People living with rare disorders are vulnerable in the current pandemic and need extra support to ensure their voices are heard. Rare Disorders NZ (RDNZ) commends the Government for ensuring there is a way for this group’s concerns to be heard and needs to be met.

“We must offer our heartfelt praise for the amazing leadership, actions, efforts of Government and policy makers, the dedication of health and social care professionals, and others who are working and facing difficult decisions and exhaustion on the frontline of this COVID-19 pandemic,” says RDNZ Chief Executive Lisa Foster.

“RDNZ commends the Government on providing our organisation with a direct contact within the Ministry of Health so we can effectively communicate the challenges facing our group,” says Lisa.

Rare disorders affect 300, 000 people, around 6% of the population. These conditions are often chronic, highly complex, progressive and severely disabling, and generate specific care needs. Along with other vulnerable groups, the effect of COVID-19 on healthcare and social systems is immense, and directly impacts the care that people living with a rare disease receive, as well as their socio-economic status, education and employment. The need for strong, coordinated and cohesive public health systems that address these needs without allowing people to fall between the gaps has never been greater.

“The collective barriers and issues facing our collective are being heard in order to develop solutions in a responsive manner and to have concerns addressed as part of Ministry planning and not as an afterthought. This is the only way to ensure people with rare disorders are not left behind during this pandemic,” says Lisa.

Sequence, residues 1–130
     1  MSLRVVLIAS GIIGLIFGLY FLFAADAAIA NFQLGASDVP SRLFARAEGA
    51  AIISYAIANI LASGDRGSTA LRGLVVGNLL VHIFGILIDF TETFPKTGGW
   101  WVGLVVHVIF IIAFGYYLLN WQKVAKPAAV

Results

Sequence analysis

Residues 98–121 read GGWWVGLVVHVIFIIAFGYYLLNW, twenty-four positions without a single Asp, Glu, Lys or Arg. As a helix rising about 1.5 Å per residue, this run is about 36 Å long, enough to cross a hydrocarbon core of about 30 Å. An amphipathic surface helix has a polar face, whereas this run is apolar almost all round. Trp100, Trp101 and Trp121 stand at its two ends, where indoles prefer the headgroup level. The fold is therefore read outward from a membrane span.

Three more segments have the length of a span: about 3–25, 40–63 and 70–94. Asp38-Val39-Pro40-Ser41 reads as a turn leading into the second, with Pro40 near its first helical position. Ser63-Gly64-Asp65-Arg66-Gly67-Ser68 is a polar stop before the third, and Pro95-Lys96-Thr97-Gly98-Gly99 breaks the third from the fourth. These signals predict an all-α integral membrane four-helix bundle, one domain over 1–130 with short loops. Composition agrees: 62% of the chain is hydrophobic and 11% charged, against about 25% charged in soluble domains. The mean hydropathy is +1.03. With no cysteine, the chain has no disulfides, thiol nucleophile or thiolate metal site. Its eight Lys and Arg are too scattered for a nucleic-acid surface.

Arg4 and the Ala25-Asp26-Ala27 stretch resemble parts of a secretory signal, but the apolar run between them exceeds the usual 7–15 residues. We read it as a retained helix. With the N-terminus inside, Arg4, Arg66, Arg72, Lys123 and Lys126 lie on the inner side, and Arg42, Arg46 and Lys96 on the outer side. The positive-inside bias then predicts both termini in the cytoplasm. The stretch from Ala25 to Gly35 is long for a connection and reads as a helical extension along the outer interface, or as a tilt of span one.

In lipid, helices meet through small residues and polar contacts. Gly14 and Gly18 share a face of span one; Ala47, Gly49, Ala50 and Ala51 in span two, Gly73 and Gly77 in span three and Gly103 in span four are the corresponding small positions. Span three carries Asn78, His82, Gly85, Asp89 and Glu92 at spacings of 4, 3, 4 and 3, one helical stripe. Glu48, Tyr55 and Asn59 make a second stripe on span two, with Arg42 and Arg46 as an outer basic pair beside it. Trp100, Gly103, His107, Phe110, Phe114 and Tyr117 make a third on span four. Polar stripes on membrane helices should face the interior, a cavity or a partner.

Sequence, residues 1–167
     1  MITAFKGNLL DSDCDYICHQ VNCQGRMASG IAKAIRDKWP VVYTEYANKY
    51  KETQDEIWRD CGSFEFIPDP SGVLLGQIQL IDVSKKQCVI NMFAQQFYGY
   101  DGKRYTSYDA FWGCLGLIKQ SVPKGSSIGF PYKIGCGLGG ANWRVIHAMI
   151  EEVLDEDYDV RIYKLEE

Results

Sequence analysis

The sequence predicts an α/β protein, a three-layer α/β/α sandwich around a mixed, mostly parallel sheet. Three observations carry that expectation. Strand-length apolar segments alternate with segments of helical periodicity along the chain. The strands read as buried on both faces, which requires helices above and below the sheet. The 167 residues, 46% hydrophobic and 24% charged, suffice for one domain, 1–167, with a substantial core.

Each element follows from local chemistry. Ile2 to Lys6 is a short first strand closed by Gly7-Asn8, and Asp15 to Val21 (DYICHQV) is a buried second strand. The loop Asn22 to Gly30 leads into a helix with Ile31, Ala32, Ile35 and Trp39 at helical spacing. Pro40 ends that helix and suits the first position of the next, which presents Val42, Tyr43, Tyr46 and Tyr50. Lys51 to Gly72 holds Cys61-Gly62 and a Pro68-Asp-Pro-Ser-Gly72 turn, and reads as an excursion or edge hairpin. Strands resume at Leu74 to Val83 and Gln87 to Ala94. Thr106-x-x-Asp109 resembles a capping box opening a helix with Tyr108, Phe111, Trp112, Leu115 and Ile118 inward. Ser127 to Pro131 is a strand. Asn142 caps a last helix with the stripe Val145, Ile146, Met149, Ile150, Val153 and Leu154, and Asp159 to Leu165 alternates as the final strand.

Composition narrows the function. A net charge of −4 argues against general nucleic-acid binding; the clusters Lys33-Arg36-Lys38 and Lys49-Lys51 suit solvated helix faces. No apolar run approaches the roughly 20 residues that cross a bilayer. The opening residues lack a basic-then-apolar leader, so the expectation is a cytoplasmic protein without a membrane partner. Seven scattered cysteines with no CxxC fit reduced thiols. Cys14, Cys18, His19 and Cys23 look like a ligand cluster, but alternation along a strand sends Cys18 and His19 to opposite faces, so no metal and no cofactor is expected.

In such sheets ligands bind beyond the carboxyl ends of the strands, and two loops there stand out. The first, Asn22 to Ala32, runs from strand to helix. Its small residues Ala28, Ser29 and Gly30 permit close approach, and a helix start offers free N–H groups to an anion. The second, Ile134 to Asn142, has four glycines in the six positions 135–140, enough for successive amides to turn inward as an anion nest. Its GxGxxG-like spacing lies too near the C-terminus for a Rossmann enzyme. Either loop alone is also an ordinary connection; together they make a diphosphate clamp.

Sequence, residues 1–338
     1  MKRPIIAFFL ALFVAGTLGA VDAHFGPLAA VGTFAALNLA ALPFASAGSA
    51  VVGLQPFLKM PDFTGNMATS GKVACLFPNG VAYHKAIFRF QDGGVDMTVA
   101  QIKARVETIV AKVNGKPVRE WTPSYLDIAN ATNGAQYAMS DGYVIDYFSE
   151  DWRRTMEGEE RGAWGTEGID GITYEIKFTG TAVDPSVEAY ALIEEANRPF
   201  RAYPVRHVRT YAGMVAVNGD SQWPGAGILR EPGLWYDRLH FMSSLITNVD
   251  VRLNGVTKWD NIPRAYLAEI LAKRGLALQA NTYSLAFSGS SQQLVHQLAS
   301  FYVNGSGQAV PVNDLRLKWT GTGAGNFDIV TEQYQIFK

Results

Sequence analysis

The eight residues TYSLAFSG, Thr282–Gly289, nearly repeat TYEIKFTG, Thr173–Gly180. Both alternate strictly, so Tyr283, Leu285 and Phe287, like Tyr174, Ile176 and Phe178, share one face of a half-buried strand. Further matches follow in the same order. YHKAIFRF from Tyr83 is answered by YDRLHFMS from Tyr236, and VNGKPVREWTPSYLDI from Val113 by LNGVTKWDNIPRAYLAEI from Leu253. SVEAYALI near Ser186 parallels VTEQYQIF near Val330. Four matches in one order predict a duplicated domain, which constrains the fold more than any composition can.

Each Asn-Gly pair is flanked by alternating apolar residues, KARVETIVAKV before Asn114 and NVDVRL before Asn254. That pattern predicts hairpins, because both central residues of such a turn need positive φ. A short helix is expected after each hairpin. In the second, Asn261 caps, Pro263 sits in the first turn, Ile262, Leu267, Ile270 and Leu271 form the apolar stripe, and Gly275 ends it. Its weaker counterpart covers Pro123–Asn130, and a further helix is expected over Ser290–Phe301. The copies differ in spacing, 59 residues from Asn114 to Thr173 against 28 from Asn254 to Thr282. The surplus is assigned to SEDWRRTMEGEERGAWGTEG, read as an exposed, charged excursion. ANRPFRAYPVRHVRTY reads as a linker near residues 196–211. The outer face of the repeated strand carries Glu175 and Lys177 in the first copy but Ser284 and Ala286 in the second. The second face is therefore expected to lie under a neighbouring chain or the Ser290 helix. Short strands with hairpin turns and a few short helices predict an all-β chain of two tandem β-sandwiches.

“We have been working tirelessly to provide a collective voice to the Government to ensure the needs of people with rare disorders are acknowledged. We appreciate the recognition and support of Government at this challenging time.”

Several key areas of concern from our groups included access to food and essential items, flu vaccine priority access for main home caregivers and siblings, access to  routine health treatments as part of specific care plans and access to medicines, plus fears over being left behind as an at-risk population if they did need help in hospital. 

The Ministry of Health have confirmed that public health and disability system are still open for business. This will be reiterated by Dr Ashley Bloomfield in his daily media briefings, and on his Facebook Q&A session. All vulnerable people including our collective can and should be able to access the medical care they require.

“We congratulate the Government on acknowledging our collective to ensure that the needs of this vulnerable group are not forgotten.” says Lisa. “In this challenging time, RDNZ continues to be an effective voice for the rare disorder community,”

For continued progress following lockdown and the development of a system which acknowledges people with rare disorders, policy change is needed. RDNZ launched the Fair for Rare NZ campaign at Parliament in February, to call for the development of a National Rare Disorder Framework which offers alignment with other developed countries. While the next stage of our Fair for Rare NZ campaign is temporarily on hold, the RDNZ team is continuing to develop materials to send to our collective when the current situation has eased. RDNZ is creating an MP Liaison toolkit to enable people to share their own stories to call for Fair for Rare, as well as guidelines for speaking with media.

“It’s time to take rare disorders seriously to ensure equitable health outcomes for everyone. Rare is part of our communities and deserves to be included as a part of our health and social care system,” says Lisa.

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